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Conservation and Environment in Costa Rica: Monthly Updates

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Conservation in Costa Rica - Monthly Update May 2009

Brown Vine snake

After such busy months since January we honestly expected May to be a time where we could all relax a little and take stock of the start of our first solid year here in the park, but even though we had times with only 1 volunteer we managed to keep pushing forward and managed to make some big break-throughs!

As mentioned last month the work on our nursery garden is starting to pay off with seedlings starting to spring to life and some of them almost ready to transplant to other areas already! We have already organised two trips, one in June and another in July to go out to the most eager local farms and begin reforesting, which we have selected for important conservation reasons, the first being wildlife that is known to frequent these areas, most importantly the scarlet macaw populations that feed in the farms and the second being the important creeks that run through the farms that are in desperate need of restoration and protection.

Deer caught on sensor camera

Another major development this month has been the interest in the park's football field, work originally began here almost 5 months ago with cutting the meter high grass that had been left to grow there, after this was done we had to go back and start removing the weeds and "bad" grass that had set roots down so that we could re-seed the area with the correct species of grass. During this process we always had in mind that the local communities and ourselves in the park would be the primary users of the field, but we began to receive visits from the captain/manager of one of the larger local teams expressing interest in using the field for training and home games.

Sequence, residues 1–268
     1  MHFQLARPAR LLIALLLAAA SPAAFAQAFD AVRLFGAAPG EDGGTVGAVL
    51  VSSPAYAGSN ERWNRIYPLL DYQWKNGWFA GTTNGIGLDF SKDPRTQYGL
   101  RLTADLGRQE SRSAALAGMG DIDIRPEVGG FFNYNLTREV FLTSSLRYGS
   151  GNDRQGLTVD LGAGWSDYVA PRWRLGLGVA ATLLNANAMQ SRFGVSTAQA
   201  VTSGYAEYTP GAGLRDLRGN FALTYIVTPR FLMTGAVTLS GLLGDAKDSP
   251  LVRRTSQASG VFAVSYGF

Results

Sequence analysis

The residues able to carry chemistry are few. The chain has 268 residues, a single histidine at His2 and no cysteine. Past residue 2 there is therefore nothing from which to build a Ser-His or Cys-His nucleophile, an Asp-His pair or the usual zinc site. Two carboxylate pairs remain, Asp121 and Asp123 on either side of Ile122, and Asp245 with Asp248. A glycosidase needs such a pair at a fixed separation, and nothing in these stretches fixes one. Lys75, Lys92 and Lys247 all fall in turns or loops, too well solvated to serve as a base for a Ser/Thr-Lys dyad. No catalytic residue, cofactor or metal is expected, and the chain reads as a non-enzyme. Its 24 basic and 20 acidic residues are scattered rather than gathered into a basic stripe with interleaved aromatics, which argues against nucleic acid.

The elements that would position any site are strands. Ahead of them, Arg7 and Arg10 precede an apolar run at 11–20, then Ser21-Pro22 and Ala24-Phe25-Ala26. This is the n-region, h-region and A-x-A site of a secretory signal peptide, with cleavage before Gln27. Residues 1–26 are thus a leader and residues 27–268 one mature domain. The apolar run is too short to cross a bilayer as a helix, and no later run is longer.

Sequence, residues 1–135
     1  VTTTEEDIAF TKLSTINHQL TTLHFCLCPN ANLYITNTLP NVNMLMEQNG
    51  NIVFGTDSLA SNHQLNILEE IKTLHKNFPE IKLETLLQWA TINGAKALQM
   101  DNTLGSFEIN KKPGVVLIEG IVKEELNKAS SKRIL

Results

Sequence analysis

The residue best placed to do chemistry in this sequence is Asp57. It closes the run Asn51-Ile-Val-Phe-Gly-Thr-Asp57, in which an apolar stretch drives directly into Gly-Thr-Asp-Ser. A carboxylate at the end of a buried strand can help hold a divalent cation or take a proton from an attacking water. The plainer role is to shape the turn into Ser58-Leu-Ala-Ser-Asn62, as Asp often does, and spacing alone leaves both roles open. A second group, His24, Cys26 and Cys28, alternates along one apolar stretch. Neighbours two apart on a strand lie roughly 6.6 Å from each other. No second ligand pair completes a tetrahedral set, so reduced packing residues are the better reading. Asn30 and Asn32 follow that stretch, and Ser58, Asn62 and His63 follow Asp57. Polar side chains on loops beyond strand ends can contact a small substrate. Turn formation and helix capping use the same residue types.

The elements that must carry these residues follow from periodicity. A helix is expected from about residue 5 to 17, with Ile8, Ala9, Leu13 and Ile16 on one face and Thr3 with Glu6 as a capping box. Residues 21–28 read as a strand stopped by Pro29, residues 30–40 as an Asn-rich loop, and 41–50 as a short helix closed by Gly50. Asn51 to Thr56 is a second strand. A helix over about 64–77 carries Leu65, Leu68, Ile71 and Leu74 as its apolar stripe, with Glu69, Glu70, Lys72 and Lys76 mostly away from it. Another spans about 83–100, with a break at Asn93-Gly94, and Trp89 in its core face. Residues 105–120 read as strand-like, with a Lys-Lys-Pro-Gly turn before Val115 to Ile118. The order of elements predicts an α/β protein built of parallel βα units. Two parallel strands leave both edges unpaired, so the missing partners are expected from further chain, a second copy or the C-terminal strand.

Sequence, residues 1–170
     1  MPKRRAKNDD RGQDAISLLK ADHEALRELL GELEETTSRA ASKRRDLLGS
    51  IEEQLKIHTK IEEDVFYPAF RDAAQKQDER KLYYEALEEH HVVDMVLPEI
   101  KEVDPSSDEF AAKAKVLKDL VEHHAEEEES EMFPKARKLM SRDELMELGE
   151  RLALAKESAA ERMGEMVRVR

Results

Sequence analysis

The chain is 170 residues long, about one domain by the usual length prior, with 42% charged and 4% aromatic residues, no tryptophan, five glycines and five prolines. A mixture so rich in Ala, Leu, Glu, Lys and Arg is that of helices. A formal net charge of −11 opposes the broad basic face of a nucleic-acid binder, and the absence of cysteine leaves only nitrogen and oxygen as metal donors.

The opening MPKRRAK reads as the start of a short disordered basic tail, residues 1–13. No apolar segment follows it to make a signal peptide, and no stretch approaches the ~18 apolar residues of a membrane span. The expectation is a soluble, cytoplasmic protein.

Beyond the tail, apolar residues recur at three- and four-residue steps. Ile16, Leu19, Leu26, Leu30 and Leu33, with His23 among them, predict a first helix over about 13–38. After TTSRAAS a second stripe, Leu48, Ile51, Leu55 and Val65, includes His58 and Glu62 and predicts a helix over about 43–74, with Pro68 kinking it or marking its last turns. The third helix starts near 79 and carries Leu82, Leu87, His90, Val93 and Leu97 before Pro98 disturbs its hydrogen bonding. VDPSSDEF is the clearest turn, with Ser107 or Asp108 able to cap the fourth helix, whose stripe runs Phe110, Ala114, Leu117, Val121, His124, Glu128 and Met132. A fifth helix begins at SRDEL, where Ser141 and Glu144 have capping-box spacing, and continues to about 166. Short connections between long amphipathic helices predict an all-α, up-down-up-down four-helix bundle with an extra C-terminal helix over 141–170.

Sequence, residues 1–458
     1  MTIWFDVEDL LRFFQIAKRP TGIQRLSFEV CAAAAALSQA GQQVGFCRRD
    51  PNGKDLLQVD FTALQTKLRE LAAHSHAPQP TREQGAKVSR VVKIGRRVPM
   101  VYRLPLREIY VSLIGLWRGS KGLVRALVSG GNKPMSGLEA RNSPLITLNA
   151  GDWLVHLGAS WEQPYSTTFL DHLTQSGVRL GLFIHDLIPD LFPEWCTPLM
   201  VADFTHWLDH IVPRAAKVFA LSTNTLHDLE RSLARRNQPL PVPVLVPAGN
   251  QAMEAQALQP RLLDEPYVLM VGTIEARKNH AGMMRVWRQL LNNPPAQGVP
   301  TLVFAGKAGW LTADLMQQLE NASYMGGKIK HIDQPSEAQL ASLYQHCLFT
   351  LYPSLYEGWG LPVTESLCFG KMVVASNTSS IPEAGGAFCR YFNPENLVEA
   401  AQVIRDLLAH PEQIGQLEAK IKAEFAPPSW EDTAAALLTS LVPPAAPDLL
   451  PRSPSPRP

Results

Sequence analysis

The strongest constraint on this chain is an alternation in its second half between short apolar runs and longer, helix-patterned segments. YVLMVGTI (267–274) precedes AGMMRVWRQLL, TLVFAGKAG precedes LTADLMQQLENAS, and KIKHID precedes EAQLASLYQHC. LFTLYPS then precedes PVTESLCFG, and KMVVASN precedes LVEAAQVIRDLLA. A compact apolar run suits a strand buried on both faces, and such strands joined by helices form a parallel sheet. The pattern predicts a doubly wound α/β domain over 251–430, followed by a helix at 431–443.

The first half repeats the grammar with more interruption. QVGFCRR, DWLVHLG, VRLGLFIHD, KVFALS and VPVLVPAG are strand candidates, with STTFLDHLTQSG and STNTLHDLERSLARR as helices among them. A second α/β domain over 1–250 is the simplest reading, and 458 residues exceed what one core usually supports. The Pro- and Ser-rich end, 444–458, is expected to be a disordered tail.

Nursery garden

Obviously this is something that would increase visitor numbers to the park greatly, with people coming to see the local games and of course the teams themselves. In exchange for this the team will come and help work on the area to get it into a suitable state to play on and of course maintenance to keep it in the perfect state that we wish it to be. I am eager and expectant that in the next couple of months I will finally be able to send you photos of the completed work here, hopefully with people playing on it, even if it's just us!

Other exciting things that have happened this month include a massive increase in wildlife moving around, this is principally because of the rains that have started falling with almost clockwork precision. Everyday at about 2-3pm it begins to rain heavily for a couple of hours with some of the most impressive lightning storms I have ever seen!

We have noticed a remarkable increase in mammal movement, especially young deer, some which must have only just begun to move away from their mothers, Brown Agouti, Armadillo, Howler monkey and White-nosed coati are now all seen almost daily and we are expectant that this increase will continue and improve further as the forest begins to recover from the normal dry season drought.

This has had a major impact on the sensor camera project as well, now that we are in the wet season there is much less wind than before as well as more rain. This means that the cameras are much more reliable in taking photos and with the increase in water, food and shelter animals are moving around a lot more and being captured by the cameras.

Rattle snake

Probably the most exciting increase though has been in reptiles, with an increase in toad, frog and snake sightings, my personal favourites have been with the snakes, with the most amazing opportunity to view a rattle snake close up. This species is not only famous for its amazing warning rattle but also for its strong venom, a creature that must be respected at all times!

Another amazing photo opportunity occurred a few weeks before this with a very close up photo session with a Brown Vine snake, these snakes are very difficult to see in the forest due to their slender body and tendency to wave around like a vine in a light breeze, but when they know they have been discovered they have a truly amazing threat display which involves them raising themselves up from the ground and opening their mouths as you can see in the photo. Of course we maintain a safe distance from the snakes when we discover them; the camera zoom is a wonderful thing!

Richard Munday
Conservation Coordinator
Barra Honda National Park
May 2009

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